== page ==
Plans revealed to create Richard III genome
2014 02 13
By Maev Kennedy | The Guardian
The bones of the king under the car park have more to tell: scientists are to analyse the DNA from the remains of Richard III to create the world’s first complete genome sequence for a named historical figure.
The process could reveal his hair and eye colour, his susceptibility to conditions including Alzheimer’s disease and diabetes, whether he was lactose intolerant, and whether the scoliosis that contorted his spine was genetic. It could also show if any of the surviving portraits, all completed years after his death, are accurate.
The extent to which genes influence character is still a matter for scientific debate, so while the experiment may reveal whether the last Plantagenet king had straight or curly hair, it is unlikely to establish whether Richard was likely to have murdered his way to the throne, his victims including his young nephews, the little princes in the Tower. The tale was a source of scandal in his lifetime and was trumpeted after his death on the battlefield at Bosworth in 1485 by Tudor propagandists including William Shakespeare. "It has been suggested that there is a ’warrior-worrier’ gene, but I am not yet convinced," said geneticist Turi King, who will lead the £100,000 project.
Although genome sequencing has successfully been done on much older bones, including the 5,300-year-old remains of Ötzi the Iceman, and recently a 7,000-year-old tooth which revealed that a hunter gatherer from Spain had blue eyes, King and her colleagues hope to produce the first results from ancient DNA from a named individual whose history is known. It was King who managed to extract DNA from the bones excavated from a scruffy council car park in Leicester, and helped to prove that they were indeed those of the king whose grave had been lost for 500 years. The announcement last February that the team from Leicester University had found Richard "beyond reasonable doubt" made front-page news around the world.
Richard left no descendants but the mitochondrial DNA, passed through the maternal line, proved a perfect match for a Canadian-born, London-based furniture maker, Michael Ibsen, Richard’s 17-times great-nephew through the descendants of his sister Anne of York. King is also going to create a complete genome sequence for Ibsen, to check if any other segments of DNA are still shared across so many centuries.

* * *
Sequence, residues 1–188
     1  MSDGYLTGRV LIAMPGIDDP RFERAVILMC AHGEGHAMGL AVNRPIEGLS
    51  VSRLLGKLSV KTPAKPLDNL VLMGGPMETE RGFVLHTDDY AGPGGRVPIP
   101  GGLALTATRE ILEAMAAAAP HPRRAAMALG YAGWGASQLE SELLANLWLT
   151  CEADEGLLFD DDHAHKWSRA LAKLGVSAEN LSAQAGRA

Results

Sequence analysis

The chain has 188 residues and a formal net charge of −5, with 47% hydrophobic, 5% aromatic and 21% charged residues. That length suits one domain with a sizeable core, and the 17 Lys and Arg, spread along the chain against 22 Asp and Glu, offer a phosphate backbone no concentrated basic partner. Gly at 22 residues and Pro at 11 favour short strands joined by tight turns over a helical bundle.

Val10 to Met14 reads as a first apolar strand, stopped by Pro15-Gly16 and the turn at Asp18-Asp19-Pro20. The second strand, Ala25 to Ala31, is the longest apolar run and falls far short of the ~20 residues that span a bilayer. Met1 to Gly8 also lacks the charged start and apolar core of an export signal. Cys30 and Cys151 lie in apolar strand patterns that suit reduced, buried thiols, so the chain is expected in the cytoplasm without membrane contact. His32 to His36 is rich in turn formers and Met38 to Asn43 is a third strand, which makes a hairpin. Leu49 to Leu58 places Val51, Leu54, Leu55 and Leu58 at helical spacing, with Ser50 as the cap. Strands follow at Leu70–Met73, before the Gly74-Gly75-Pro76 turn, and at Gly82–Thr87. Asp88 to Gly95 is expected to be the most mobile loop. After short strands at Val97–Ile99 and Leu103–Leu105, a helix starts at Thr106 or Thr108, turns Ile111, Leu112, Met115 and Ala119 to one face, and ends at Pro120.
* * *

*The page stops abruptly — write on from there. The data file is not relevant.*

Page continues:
King will carry out the tests on small samples of bone ground to a powder, in addition to the samples she has already taken. Any residue will be buried with the bones, but where his final resting place will be is still being fought over in the courts, after a group who believe he should be buried in York challenged the original plan to bury him in Leicester Cathedral, 100 yards from the car park where he lay hidden for so long.
Richard III: a maligned king’s reburial becomes a sordid affair
Infected and Hunched: King Richard III Was Crawling With Roundworms
Mysterious Coffin Found At Richard III’s Burial Site Contains... A Second Coffin
King Richard III Hastily Buried, Hands Tied
King Richard III’s face recreated from skull
Latest News from our Front Page
Illegal Aliens Cleared For U.S. Military Service
2014 10 18
The Pentagon announced a new policy allowing illegal immigrants the opportunity to enlist in the armed forces, Thursday.
USA Today reports that the new recruitment policies will focus on people with "high-demand skills" like foreign language acumen and health care training:
"For the first time, the program — known as Military Accessions in the National Interest, or MAVNI — will ...
Bronze Age Sundial-Moondial Discovered in Russia
2014 10 16
A strange slab of rock discovered in Russia more than 20 years ago appears to be a combination sundial and moondial from the Bronze Age, a new study finds.
The slab is marked with round divots arranged in a circle, and an astronomical analysis suggests that these markings coincide with heavenly events, including sunrises and moonrises.
The sundial might be "evidence of ...
Humans may only survive 68 days on Mars
2014 10 15
Space enthusiasts planning a move to Mars may have to wait to relocate: conditions on the Red Planet are such that humans would likely begin dying within 68 days, a new study says.
Oxygen levels would start to deplete after about two months and scientists said new technologies are required before humans can permanently settle on Mars, according to the study ...
Tom Sunic’s letter to the US Ambassador to Hungary
2014 10 14
October 11, 2014
Mr. André Goodfriend
Embassy of the United States of America
Szabadság tér 12
Dear Mr. Goodfriend,
As an American citizen I would hereby like to express my concern over the recent decision by the Hungarian government to ban the National Policy Institute (NPI) conference which had been scheduled to take place in Budapest from October 3 to October 5, 2014. ...
"Vampire grave" found in Bulgaria
2014 10 14
A "vampire grave" containing a skeleton with a stake driven through its chest has been unearthed by a man known as "Bulgaria’s Indiana Jones".
Professor Nikolai Ovcharov – a crusading archaeologist who has dedicated his life to unearthing mysteries of ancient civilisations – said that he had made the discovery while excavating the ruins of Perperikon, an ancient Thracian city ...
|More News » |